Things I Know to be True
November 7 – November 11, 2017
Writer: Andrew Bovell
Directors: Geordie Brookman & Scott Graham
Producer: Frantic Assembly
Set & Lighting Design: Geoff Cobham
Cast: Scott Graham, Cate Hamer, Kirsty Oswald, Matthew Barker, Selene Hilliard, Arthur Wilson
Running Time: 2 hours 15 minutes
First the bad news: sadly due to ill health, John McArdle has had to pull out of not only these performances of Andrew Bovell’s Things I Know to be True at Chester’s Storyhouse Theatre, but also the remainder of the tour. The good news is that John’s ailment is nothing too serious.
In his place is co-director Scott Graham, with script in hand for the time being, who delivers a great performance of the harassed husband and father Bob, who craves nothing more than a tranquil retirement so as to be able to tend his roses.
There is nothing about this play that is not remarkable. The writing is beyond reproach; a beautifully crafted portrayal of family life stretched across a year, this is observational wit, guile, laughter, remorse, regret, joy, unity and out-and-out power personified; a celebration of all aspects of life, anybody who has lived in amongst the days and years that enrich a family existence is bound to recognise.
Bovell is the man responsible for delivering the script for, amongst other acclaimed works, Strictly Ballroom, so it is no surprise the action is as tightly woven as a paranoid’s psyche, yet aerated enough to allow the actors – and the audience – space to breathe and absorb all that is going on.
With Cate Hamer’s Fran holding the disintegrating strands of her family together, hers is a part integral to the success of the whole. And what a success it is, with Hamer managing to spit fire and brimstone with a simple curl of an eyebrow one moment, then soothe the savage beast of disquiet with a single, deftly delivered word the next. Hamer’s portrayal is in turns strong and sensuous, deep and thought provoking. A performance of brazen, bravura assuredness that deserves all the praise headed its way.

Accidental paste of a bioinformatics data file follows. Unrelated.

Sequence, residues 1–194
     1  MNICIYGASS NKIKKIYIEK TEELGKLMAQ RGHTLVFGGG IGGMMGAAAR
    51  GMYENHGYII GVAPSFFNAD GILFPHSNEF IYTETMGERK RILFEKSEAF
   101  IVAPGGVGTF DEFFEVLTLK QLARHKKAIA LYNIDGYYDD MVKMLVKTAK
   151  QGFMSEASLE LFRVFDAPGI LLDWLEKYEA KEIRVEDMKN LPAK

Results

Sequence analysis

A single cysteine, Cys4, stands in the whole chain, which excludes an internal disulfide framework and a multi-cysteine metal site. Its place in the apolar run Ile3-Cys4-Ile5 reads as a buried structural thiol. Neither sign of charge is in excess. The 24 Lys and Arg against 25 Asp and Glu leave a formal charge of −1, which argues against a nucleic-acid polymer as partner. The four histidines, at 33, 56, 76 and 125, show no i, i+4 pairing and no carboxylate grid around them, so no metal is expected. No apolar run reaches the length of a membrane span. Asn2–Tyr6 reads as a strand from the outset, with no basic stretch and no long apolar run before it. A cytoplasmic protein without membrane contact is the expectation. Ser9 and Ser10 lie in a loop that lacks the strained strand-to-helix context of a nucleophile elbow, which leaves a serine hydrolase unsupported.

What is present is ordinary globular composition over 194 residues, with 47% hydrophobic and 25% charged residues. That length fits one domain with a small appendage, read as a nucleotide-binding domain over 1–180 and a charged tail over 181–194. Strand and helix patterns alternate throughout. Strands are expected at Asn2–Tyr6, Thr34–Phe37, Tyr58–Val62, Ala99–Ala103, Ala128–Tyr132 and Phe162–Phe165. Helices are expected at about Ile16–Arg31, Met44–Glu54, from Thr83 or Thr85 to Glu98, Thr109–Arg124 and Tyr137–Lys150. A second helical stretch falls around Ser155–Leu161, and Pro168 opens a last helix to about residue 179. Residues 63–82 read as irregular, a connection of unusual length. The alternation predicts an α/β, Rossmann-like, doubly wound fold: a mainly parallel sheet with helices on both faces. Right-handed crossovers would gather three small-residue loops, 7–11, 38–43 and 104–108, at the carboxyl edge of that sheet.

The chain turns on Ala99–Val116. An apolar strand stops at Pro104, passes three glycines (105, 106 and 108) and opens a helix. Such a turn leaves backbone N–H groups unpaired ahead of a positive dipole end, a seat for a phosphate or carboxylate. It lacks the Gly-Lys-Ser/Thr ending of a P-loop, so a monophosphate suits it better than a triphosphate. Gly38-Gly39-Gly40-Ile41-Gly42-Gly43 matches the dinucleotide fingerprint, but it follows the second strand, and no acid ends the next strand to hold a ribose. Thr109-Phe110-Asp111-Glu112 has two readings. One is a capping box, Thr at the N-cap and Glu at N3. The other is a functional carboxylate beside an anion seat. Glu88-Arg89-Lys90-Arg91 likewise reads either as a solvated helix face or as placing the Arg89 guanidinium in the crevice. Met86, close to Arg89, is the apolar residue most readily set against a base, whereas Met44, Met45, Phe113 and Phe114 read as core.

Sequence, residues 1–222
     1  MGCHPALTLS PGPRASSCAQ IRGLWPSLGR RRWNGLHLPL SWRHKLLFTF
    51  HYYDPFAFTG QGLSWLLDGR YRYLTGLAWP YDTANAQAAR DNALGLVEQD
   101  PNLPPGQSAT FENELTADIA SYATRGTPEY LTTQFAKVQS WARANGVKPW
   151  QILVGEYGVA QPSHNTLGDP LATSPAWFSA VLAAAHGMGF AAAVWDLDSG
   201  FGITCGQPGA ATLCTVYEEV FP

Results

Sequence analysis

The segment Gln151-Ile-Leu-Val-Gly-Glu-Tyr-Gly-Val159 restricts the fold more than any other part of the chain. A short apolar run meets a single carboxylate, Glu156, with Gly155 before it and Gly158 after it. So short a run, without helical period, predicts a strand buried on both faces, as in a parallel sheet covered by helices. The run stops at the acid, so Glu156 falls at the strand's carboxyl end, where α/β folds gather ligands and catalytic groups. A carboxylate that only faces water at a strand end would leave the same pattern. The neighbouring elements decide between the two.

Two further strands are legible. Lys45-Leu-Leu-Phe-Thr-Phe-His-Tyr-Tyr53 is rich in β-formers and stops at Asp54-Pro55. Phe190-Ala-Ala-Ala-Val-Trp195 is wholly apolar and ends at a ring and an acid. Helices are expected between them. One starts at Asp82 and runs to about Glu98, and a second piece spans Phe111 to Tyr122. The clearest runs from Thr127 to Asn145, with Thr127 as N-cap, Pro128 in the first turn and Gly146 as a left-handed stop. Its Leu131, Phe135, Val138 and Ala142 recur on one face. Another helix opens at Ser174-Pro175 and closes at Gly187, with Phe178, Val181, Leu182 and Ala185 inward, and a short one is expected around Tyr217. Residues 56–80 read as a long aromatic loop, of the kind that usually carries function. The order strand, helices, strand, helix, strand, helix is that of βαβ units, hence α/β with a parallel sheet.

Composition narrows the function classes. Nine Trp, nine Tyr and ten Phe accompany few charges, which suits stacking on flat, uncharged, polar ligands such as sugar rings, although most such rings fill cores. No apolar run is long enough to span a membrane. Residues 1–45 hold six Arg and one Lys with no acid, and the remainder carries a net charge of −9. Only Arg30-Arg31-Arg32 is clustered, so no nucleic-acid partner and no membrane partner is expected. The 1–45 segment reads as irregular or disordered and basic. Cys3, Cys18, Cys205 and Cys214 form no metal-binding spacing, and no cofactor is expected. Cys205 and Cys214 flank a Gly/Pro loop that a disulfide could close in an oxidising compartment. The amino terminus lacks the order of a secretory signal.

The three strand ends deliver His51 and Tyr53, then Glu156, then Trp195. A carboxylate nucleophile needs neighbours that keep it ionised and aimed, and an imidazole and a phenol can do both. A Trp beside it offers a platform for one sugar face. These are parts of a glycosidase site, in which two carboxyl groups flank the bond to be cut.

Indeed the entire cast are faultless, with Matthew Barker’s troubled Mark, Arthur Wilson’s devil-may-care Ben and Seline Hizli’s dissatisfied Pip all worthy of superlative laden mentions. Yet it is Kirsty Oswald’s Rosie – from whose point of view the tale is mostly told – who truly shines amongst the characterised offspring: her control and delivery are masterful to the extent where it is impossible to tell where the person ends and the actor begins, so naturally does she come across and so deeply does she burrow beneath the skin of her character.
With this being a Frantic Assembly vehicle, naturally the physicality and sheer dynamism of the piece shines. Here these facets are even brighter thans to the complexity and diversity of the choreography which in itself is made more unforgettable by Geoff Cobham’s stripped back staging and smooth flowing scene changes – consisting of amongst other things sliding chairs, intricately interwoven table movements and subtle and not so subtle lighting arrangements – which all add yet more atmosphere to the ever darkening proceedings.
Things I Know to be True is, in this its second outing across the UK within 18 months, is a play so complete, it should be advertised as being a modern classic already and be studied the length and breadth of Britain as a template of all that is great in theatre.
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